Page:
Wanting To Be Like Everyone Else


Candlelighting, Readings:

Shabbat Candles: 8:13 p.m.

Torah: Numbers 16:1-18:32;
 Num. 28:9-15

Haftarah: Isaiah 66:1-24

Havdalah: 9:22 p.m.

Are Jews the same as everybody else? Should a Jewish state be just like all the other nations on the face of the earth? Some of the founding Zionists said “yes.”

They argued that Jewish existence had been warped by centuries of persecution; only a Jewish state would normalize Jewish existence, providing a body politic like all others, complete with flag, army, national anthem and even crime.

The Zionists weren’t the first to struggle with Jewish statehood. The struggle goes back to the prophets. This week’s Shabbat is Rosh Chodesh Tammuz, so we read the haftarah for the new month (from the Book of Isaiah), rather than the usual haftarah for Korach from the first book of Samuel. That latter haftarah, more thematically linked to Korach, features the crowning of King Saul as the Israelites’ first monarch, despite the Prophet Samuel worrying that a human king will displace the state’s prior allegiance to its proper monarch, God. Just a few chapters earlier, the people insisted, “We must have a king… that we may be like all other nations” [I Samuel 8:19-20]. So Samuel gives in.

This age-old question of Jewish uniqueness returns with Theodor Herzl. With prescient optimism, his diary (Sept. 13, 1899) anticipates cleaning up “the filth that dishonors Jerusalem. … Then outside its walls there will rise the new city, modern Jerusalem.” But knowing first-hand the treacheries of statecraft, Herzl tempers his optimism with political reality. He concludes his book, “The Jewish State,” by admitting, “Jews in their own state will always have sufficient enemies, just as every other nation.” And so we have. So have the ancient Israelite monarchists: “The king will fight our battles,” they tell Samuel, because we want to be “like all the other nations” [I Sam. 8:20].

A direct line runs from the first Jewish commonwealth of King Saul to the third Jewishcommonwealth, the State of Israel today. Both cases must contend with “realpolitik,” the realistic assessment of enemies intent on destroying us. Because real history knows real evil, we need descendants of Saul, leaders of the Jewish State who appreciate the threat of military might, and who can build our capacity to “fight our battles … like all the other nations.”

What, then, about the descendants of Samuel? Does Samuel, too, have modern-day descendants, or did his prophetic cause die out with Malachi, the last of the biblical prophets?

Here’s the interesting thing about that question. If you Google “end of prophecy” you get countless entries about the prophetic predictions about the end of time, as if the prophets meant only to announce how human history will conclude, when, actually, they were mostly concerned about how human history ought to continue.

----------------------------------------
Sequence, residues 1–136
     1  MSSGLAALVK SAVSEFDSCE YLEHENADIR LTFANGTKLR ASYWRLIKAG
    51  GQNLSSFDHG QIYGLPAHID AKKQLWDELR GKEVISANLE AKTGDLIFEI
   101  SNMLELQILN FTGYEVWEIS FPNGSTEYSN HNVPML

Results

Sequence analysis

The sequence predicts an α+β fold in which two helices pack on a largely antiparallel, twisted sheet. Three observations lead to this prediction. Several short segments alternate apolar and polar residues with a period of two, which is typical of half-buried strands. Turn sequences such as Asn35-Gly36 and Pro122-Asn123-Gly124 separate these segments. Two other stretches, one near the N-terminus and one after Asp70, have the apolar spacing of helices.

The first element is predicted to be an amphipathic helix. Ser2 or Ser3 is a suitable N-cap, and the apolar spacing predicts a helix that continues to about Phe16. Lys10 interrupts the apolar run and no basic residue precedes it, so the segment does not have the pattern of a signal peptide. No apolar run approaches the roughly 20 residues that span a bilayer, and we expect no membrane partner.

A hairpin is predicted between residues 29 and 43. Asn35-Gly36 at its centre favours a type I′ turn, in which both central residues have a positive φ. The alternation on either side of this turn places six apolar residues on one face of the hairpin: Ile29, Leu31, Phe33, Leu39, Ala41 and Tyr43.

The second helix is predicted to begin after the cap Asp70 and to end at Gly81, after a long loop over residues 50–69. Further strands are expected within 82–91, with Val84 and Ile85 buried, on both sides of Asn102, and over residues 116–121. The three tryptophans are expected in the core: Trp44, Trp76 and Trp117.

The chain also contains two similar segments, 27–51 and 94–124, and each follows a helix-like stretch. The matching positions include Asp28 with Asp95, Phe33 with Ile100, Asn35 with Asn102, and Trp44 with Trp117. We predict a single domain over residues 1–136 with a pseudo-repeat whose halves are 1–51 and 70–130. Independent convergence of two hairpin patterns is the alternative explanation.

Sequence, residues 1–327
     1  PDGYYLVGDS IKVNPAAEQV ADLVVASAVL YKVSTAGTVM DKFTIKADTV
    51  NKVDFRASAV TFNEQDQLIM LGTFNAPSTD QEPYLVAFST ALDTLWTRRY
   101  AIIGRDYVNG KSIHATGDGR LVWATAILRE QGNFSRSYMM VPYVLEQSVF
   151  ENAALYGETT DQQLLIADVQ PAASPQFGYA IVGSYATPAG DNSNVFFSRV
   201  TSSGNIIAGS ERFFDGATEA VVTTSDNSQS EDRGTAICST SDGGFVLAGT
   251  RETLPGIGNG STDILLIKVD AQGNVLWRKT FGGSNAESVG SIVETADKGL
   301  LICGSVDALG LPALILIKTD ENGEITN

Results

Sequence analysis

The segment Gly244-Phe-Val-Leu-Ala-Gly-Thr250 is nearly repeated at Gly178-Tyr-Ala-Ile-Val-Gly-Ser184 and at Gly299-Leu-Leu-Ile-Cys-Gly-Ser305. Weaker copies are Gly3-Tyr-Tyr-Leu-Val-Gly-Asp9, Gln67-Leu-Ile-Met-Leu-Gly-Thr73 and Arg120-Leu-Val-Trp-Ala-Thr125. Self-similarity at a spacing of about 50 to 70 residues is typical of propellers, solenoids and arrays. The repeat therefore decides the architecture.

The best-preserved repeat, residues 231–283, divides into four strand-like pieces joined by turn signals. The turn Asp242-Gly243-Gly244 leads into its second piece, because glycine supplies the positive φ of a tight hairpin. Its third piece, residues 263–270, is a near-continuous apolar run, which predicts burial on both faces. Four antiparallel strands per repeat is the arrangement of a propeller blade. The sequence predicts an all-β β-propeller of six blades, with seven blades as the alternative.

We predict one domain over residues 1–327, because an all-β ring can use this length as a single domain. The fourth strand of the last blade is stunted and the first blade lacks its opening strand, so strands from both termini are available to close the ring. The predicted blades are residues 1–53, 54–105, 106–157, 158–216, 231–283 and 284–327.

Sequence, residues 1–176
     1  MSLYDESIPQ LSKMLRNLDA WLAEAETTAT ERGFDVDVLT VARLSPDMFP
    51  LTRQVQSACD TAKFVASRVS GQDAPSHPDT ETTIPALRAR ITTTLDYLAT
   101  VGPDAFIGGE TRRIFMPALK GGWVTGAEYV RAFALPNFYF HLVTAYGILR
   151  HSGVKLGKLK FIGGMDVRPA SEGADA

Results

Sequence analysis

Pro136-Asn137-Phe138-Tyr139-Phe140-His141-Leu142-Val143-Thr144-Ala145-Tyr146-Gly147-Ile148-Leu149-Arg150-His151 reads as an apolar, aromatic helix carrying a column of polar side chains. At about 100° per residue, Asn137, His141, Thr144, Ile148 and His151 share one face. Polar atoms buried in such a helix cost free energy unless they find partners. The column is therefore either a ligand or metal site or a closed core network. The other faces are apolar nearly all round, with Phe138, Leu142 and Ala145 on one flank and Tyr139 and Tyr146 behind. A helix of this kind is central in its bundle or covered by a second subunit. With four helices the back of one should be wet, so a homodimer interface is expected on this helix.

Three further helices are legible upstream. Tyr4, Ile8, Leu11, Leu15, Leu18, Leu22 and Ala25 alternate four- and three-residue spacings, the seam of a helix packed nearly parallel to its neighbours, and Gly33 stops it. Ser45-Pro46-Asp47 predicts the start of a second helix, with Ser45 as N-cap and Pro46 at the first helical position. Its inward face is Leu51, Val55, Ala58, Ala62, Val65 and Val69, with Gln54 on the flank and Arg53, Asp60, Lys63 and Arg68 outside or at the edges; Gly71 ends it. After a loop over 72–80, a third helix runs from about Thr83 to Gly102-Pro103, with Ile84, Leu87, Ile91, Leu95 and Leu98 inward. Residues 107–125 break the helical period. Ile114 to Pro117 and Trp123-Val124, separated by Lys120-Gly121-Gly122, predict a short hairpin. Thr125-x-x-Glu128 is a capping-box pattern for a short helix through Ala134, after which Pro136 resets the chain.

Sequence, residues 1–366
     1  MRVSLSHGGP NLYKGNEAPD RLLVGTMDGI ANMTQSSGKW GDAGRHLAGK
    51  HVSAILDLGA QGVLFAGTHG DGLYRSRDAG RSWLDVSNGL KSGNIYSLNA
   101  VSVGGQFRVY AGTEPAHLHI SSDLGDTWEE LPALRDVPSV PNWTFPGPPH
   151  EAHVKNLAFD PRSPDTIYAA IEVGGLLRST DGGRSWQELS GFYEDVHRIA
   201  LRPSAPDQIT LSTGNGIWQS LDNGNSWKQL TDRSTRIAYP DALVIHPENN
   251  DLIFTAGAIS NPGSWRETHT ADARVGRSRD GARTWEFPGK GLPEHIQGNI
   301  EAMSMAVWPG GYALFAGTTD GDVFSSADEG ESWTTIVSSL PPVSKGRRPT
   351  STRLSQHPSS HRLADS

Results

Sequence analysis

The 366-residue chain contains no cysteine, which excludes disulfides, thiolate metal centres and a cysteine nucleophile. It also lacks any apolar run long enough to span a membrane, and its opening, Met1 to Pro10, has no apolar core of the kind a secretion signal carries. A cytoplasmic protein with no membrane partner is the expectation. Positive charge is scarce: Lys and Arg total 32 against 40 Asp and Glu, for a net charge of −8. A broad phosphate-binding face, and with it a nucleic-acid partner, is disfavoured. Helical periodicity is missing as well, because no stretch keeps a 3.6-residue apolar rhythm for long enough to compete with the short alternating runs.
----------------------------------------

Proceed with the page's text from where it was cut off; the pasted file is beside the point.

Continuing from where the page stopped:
We Jews see our prophets as voices of conscience, not just doomsayers on the futility of the human project and the necessity to end it with an armageddon ushering in the end of time. The challenge of being human is how to live within history, not outside of it. Whatever awaits us after our death, this real world is here to stay, unless the kings destroy it because the prophets do not even get a say.

For us, then, although the biblical prophets are long gone, the prophetic voice remains — inherited, we say, by those who study Torah, which is to say ourselves. Samuel’s question remains: Are we “just like other nations?” Should a Jewish state be just another sovereign blotch of color on a world map? Now, too, we need both Saul and Samuel; Saul to fight the nation’s battles, and Samuel to remind that very same nation that a Jewish state exists to be in league with God, covenanted since Sinai to pursue nobility, justice and peace.

Even Herzl knew that. Echoing the prophetic demand that Israel be a light unto the nations, he proclaimed, “The electric light was certainly not invented so that the drawing room of a few snobs might be illuminated, but rather, to enable us to solve some of the problems of humanity by its light.” Equally, as to the Jewish state, “the world will be liberated by our freedom, and whatever we attempt there for our benefit will redound mightily and beneficially to the good of all.” 

Rabbi Lawrence A. Hoffman, co-founder of Synagogue 3000, and professor of Liturgy, Worship and Ritual at Hebrew Union College-Jewish Institute of Religion, is the author of “My People’s Prayer Book: Traditional Prayers, Modern Commentaries” (Jewish Lights), winner of the National Jewish Book Award.